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Optimising my receiving, processing and sending capability

What are the most essential skills, insights, competencies, mindsets, we need to have or get in order to be succesful and happy in life? Some might be obvious, but what are the less obvious ones?
To open up my thinking about this topic, I’ve made a schematic drawing with some elements (or categories) of what I think we need to have: we have to receive information, we have to reflect on that information and process it, and we have to be able to send new information again.
Obviously this is very simplistically put, but an interesting question would be: How can I optimise my receiving capabilities? And why is it important to do this? To have big eyes and ears?



Trainer vs. learner oriented learning

Following up on my previous post “I’m not a participant, I participate!”, let’s look at how we can shift responsibility between the learner and the learning facilitator or trainer. And how far should we go in giving freedom to the learner?

During a training on learning & development design* we discussed the above model developmed by Tannenbaum & Schmidt to describe a scale on which you can measure the amount of freedom vs authority you can have from/give as a manager. Probably, where it says ‘manager’ in the model, you could fill in ‘trainer’, and it can be used for a training setting.

*CIPD training by Don Greenwood

I’m not a participant, I participate!

When designing & delivering training programmes, my biggest challenge is to create a learning culture of shared responsibility for the learning outcomes with the participants. Or maybe I should say ‘facilitate’, rather than ‘create’ a culture like that. Sometimes it’s obvious that some participants are in ‘tourist mode’, just playing along with wathever the trainer is telling them to do, but not really into it. Others might even be in ‘resistance mode’, because they are only at the training because their manager sent them. Luckily most of the time, people are really participating, but -still- it could be more.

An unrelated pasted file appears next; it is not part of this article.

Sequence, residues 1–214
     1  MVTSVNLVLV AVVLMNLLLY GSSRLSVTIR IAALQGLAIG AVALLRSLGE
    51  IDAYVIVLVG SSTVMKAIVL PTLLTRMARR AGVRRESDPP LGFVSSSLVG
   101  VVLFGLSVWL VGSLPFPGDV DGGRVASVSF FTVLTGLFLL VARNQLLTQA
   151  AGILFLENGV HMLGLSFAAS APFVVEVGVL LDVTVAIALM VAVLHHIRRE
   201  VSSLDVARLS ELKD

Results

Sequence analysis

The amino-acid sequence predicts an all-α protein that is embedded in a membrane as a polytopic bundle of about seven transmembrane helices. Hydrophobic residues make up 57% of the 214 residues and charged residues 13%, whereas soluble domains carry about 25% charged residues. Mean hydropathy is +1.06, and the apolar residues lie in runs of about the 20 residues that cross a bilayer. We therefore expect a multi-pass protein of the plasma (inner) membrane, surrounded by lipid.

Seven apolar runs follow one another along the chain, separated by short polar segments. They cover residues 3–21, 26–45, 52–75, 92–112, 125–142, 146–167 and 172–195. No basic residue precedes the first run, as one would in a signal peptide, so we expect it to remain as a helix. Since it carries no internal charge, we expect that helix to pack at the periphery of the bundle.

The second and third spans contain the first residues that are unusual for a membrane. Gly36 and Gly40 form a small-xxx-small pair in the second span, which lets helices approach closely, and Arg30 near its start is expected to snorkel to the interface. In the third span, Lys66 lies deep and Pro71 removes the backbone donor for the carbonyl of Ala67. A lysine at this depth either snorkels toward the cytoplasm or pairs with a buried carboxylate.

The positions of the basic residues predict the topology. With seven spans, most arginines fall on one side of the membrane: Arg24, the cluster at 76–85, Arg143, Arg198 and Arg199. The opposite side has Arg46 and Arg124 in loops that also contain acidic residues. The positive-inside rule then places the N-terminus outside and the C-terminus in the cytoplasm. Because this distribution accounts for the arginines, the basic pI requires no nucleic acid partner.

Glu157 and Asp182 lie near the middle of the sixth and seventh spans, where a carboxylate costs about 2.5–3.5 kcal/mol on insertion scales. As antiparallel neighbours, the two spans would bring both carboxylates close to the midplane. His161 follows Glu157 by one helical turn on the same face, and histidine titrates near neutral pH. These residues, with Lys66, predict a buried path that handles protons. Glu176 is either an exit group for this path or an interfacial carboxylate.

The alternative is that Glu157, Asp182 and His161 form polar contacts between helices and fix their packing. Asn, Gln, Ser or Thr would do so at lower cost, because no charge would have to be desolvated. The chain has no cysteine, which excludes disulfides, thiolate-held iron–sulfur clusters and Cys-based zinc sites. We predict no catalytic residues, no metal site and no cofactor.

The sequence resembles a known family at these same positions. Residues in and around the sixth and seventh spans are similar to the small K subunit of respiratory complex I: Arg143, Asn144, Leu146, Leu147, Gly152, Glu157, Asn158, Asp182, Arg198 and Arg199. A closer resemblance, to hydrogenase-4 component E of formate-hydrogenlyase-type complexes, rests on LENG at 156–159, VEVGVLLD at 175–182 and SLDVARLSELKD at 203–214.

Actually, when I talk about ‘participants’, I think I’m already missing the point. Calling somebody that, is already nudging them into lean-back-mode. People should not be participants, but be participating. Opening up parts of a training programme, including the design, preparations and delivery I think facilitates a participative culture.

So, how to do that? Ah, that’s where it gets tricky. I think however, that -as a start- the following rules can be helpful when designing a programme:

 As I said, this doesn’t solve it all, but I think it’s good to keep in the backs of our heads (or maybe rather on the tips of our tounghs). So ask questions, instead of giving answers. 

Q: To all trainers, programme managers, ‘participants’, what do you think about this?

Interaction gear-shift

This idea is really quite simple: When working together on something, it might be worthwile to have keep in mind that the situation sometimes requires talking about the content, and other times about how we interact, or how we are feeling. You could call it the “interaction gear-shift”.

Interaction gear-shift

Just like asking the three basic what, how and why-questions (See “About in dubio“) I think it’s a good idea to shift gear every now and then, and move away from discussing content alone. Sometimes it helps to pause a content discussion by asking questions like “Ok…. how are we doing?”, or “I don’t feel good about this”.

Q: Do you recognise this? Any suggestions for a fourth- and a reverse-gear?

Stop controlling & predicting, be vulnerable

While researching concepts related to trust, like self orientation, reliability and intimacy, I stumbled on a talk by Brene Brown, called “The power of vulnerability”. I made a drawing of the things Brene talks about in her talk, and tried to make sense of it.

For the full talk, see the video below.

Brene Brown, The power of vulnerability (TED talks, 2010)

The dubio-engine II – Accelerate your (self-) awareness!